So, the Reyes Magos have finally arrived, bringing the Spanish children their presents. Previously, I always felt a bit sorry for them having to wait so long, but apparently, according to a recent survey, Spanish children think it’s much cooler to have your presents brought by the Three Kings than by Santa Claus – and it does mean that Christmas goes on that bit longer! On the other hand, they don’t get very long to play with their presents before it’s time to go back to school.
But what they do get is to eat lots – and I mean LOTS – of sweets. Yesterday evening I went along to watch the ‘Cabalgata de Reyes’ (or ‘Cavalcada dels Reis’ in Valenciano). I’d been led to expect a bit of a procession, and that the Reyes Magos, or perhaps even their helpers, would be throwing sweets to the children. I’d been told that those children might use upturned umbrellas to catch the sweets in. What I hadn’t expected was quite such a long procession, or that just about every float in it would have half a dozen or so people throwing sweets – and balls, and football flags and goodness knows what else – to the children.
At first, I felt sorry for the little boy behind me, who wasn’t having much luck catching sweets and when I got my hands on one I passed it on to him (fortunately, his mother was quite happy with this!) but by the end of the parade, almost an hour later, there were kids all round me with bags full of sweets that they had caught (or, mostly, picked up off the ground).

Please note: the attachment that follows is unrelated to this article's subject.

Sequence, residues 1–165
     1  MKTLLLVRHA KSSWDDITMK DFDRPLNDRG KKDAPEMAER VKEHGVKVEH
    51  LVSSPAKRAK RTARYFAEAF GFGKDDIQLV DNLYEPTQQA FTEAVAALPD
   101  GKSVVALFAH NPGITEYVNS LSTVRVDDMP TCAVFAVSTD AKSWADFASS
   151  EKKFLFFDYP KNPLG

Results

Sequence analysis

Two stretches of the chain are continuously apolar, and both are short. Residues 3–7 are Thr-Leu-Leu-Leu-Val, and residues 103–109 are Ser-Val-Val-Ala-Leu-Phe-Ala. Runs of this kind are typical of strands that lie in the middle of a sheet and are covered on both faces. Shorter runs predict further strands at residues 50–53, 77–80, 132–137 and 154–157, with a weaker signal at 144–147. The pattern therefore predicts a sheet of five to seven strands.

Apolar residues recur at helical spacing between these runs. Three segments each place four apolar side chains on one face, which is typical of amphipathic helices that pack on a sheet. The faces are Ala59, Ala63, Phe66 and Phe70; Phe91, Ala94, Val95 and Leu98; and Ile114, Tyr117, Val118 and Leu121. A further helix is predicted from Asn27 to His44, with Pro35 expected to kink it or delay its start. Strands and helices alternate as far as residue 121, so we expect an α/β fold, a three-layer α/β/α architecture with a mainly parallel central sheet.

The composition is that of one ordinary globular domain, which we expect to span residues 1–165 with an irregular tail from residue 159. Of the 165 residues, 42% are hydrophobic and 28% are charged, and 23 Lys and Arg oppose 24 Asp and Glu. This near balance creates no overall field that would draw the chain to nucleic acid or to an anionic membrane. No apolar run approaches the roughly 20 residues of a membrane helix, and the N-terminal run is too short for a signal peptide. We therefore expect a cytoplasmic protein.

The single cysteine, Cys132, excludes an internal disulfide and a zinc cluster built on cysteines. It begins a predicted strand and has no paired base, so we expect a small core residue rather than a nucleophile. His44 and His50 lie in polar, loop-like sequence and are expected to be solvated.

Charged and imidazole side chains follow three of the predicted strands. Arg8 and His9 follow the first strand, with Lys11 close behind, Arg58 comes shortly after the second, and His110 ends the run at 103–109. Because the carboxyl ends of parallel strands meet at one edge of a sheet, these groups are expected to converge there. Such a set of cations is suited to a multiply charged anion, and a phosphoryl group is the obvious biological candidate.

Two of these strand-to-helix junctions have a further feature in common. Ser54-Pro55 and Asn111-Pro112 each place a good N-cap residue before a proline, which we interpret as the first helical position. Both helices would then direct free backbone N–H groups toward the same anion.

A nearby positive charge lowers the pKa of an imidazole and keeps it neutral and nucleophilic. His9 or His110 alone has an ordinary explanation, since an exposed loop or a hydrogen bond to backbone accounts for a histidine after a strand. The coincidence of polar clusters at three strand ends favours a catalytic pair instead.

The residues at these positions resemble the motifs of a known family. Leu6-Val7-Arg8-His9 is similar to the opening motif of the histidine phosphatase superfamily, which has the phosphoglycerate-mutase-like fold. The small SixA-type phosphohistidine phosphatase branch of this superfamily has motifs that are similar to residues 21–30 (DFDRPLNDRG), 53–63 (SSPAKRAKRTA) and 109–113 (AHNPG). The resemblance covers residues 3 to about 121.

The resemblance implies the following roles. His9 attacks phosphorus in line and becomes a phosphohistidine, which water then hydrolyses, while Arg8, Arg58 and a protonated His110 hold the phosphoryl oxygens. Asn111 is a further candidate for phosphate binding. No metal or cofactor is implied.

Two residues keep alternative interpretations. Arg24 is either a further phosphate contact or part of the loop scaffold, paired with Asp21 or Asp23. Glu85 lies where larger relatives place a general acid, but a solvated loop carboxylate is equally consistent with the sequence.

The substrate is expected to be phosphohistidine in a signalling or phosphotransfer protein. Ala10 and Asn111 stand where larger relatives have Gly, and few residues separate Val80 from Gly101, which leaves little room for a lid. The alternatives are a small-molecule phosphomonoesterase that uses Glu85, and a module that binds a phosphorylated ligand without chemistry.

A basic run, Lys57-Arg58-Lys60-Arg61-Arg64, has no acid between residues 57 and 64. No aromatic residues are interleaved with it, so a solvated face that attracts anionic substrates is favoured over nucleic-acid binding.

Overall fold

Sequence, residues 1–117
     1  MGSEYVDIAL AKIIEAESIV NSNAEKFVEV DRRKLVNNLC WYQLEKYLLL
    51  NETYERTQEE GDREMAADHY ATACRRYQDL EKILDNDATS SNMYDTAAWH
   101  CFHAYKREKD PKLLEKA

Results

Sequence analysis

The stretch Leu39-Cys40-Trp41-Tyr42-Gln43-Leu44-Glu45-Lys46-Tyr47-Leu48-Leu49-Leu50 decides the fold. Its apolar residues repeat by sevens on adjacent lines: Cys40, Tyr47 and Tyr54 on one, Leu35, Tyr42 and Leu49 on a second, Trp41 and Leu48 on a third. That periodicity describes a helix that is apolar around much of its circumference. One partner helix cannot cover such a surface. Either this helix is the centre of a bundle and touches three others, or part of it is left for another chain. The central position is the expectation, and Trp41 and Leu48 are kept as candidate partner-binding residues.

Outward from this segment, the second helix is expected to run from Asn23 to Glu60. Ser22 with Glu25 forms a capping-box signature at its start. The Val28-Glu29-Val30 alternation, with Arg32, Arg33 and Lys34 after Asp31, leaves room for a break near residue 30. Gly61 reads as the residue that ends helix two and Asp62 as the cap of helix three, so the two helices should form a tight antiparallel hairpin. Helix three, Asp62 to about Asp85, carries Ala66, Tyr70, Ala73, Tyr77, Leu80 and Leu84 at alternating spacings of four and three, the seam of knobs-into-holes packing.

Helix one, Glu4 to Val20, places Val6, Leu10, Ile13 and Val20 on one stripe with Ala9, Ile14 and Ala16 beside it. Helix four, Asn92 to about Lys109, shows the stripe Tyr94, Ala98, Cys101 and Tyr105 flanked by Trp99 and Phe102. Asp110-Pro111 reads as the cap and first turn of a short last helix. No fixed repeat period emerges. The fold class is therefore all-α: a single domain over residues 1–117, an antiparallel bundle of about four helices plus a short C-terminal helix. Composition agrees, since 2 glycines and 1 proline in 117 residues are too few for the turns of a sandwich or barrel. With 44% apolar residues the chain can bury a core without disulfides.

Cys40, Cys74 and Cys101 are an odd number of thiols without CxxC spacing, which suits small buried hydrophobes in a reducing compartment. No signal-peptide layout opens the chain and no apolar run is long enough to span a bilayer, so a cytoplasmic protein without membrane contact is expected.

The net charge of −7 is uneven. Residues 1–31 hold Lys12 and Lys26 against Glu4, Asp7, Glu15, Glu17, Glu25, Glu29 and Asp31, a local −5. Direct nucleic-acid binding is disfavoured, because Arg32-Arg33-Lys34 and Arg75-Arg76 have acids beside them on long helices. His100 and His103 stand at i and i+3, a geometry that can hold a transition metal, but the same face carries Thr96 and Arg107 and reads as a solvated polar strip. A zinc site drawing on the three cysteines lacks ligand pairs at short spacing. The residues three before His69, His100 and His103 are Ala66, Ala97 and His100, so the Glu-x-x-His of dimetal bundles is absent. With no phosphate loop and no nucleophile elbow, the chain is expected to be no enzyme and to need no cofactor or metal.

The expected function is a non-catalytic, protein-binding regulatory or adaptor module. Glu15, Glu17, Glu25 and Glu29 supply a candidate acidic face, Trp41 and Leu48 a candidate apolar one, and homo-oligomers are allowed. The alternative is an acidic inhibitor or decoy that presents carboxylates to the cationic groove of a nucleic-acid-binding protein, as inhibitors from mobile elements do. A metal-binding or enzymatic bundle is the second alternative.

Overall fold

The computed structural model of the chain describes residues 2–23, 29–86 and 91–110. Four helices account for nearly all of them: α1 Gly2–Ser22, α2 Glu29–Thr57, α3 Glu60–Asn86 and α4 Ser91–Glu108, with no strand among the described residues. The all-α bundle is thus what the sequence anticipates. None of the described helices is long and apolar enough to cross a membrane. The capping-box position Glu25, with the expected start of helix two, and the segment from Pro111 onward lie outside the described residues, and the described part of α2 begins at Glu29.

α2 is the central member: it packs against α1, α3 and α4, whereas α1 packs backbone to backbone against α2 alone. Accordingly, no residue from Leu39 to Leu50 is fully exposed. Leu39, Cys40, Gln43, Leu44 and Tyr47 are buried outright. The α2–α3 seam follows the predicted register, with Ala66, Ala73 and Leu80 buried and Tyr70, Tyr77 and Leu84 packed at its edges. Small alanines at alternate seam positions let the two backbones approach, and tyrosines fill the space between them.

After the parade had passed, I followed the masses in to the city centre, where I watched the Kings arrive at the Ayuntamiento (town hall). I’d already seen them pass once, so I knew exactly what to expect this time (the first time round I’d been worried I might miss them, but there was little chance of that – each one being accompanied by flags bearing his initial, acrobats and drummers, and each seated on his throne and waving cheerily to the crowd). What I didn’t expect, however, was that when they made their way up to the balcony to address the crowd, they would do so in a cherry picker.
I stayed to listen to the first address – it was in Valenciano, but I got the gist – then started to wander around and take some pictures of the crowd. I’d forgotten that there were going to be more fireworks, so wasn’t in the best position to see them, but I did manage to capture a few pictures.
And then that was it. Well, I say that was it – apparently there was much activity and dancing into the small hours, but I didn’t stick around to see it. I thought about buying a Roscón de Reyes (the traditional cake to be eaten on Día de Reyes) but at 12,95€ for the cheapest from El Corte Inglés, I decided to live without. Although it would have been a price well worth paying if I’d got one of the few to contain a gold ingot!
I’ve had a lazy day today – other than riding a Valenbisi to the beach for another (cold) paddle – but this evening I decided to treat myself to a pizza, which came with a little note saying ‘Feliz Día de Reyes’ and a hand-drawn picture of a crown. Aah.